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Green China
Jamais Cascio, 21 Jun 04

What would a positive environmental scenario for China look like? We've talked a bit here about the massive ecological challenges that China faces over the coming years. Population growth, economic growth, and a history of not paying sufficient attention to the environmental results of development result in a nightmarish combination, one not easily reshaped. In short, China is a mess. Nonetheless, Elizabeth Economy, author of The River Runs Black: The Environmental Challenge to China's Future, thinks that a more environmentally sustainable is possible.

In a brief essay for The Globalist web journal, Economy presents her take on a positive Chinese environmental scenario. (The article is excerpted from The River Runs Black; I'm definitely going to get my hands on a copy for review here.) The scenario is predicated upon a reasonable mix of solid economic growth, sound environmental policies, and supportive civil society; this seems to me to be the most likely combination leading to a sustainable China.

The article is brief, and the scenario suffers for it. The essay is more descriptive than analytical, providing a somewhat superficial overview of what the more environmentally sustainable China looks like without much discussion of how it got there. As a snapshot of a scenaric future, it's fine -- a plausible, reasonable vision of a functional, ecologically sound nation -- but it doesn't really tell us how to get there. Clearly I need to read the rest of the book to find what I'm looking for.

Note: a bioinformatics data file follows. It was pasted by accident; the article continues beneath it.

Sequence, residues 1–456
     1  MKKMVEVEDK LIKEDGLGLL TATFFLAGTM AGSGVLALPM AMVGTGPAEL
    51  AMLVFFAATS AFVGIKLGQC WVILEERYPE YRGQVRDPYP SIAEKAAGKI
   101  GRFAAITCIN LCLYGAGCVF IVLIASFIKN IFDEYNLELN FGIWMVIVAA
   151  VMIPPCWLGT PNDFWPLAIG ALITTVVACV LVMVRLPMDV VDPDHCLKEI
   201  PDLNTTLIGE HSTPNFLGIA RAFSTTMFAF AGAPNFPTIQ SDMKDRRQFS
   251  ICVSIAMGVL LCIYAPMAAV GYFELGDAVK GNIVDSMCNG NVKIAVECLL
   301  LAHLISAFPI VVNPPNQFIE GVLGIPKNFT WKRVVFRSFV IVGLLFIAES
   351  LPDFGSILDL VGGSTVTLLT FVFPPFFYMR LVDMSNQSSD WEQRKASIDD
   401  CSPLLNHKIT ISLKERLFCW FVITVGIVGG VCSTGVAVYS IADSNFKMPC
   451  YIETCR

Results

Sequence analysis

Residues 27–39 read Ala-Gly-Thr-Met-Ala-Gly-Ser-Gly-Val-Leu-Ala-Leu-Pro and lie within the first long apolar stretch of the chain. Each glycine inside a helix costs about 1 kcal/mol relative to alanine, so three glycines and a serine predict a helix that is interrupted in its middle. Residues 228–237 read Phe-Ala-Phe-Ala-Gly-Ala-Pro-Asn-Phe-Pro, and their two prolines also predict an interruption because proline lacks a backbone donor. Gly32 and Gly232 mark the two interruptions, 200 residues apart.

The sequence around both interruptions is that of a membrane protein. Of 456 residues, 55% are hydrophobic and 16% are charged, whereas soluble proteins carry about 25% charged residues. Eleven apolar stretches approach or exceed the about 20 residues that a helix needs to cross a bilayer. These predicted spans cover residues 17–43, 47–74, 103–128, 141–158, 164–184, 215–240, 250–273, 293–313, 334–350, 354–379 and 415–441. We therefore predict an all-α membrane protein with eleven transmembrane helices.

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One thing I'll say for China: the one child family policy is the most brutally effective piece of ecological action in the history of humanity.

I think I've mentioned the notion of corporatism vs. ecostalinism as the dialectic for the 21st century, those being the natural extensions of capitalism and socialism. China is fascinating becaue they're willing to hurt people to protect the environment.

We may not agree with that, or consider it ineffective, but so it stands: all of the evil done for One Child Family really has had massively significant long term ecological impacts, and their massive reforrestation plan is no slouch either. I know about massive growth, modernization, urbanization, chronic lung disease etc. but I can't shake the feeling that simply being able to compel people to stop doing things when the Govt. decides to has the potential to be an effective approach to the environmental problems of growth...

We shall see.

Posted by: Vinay on 22 Jun 04



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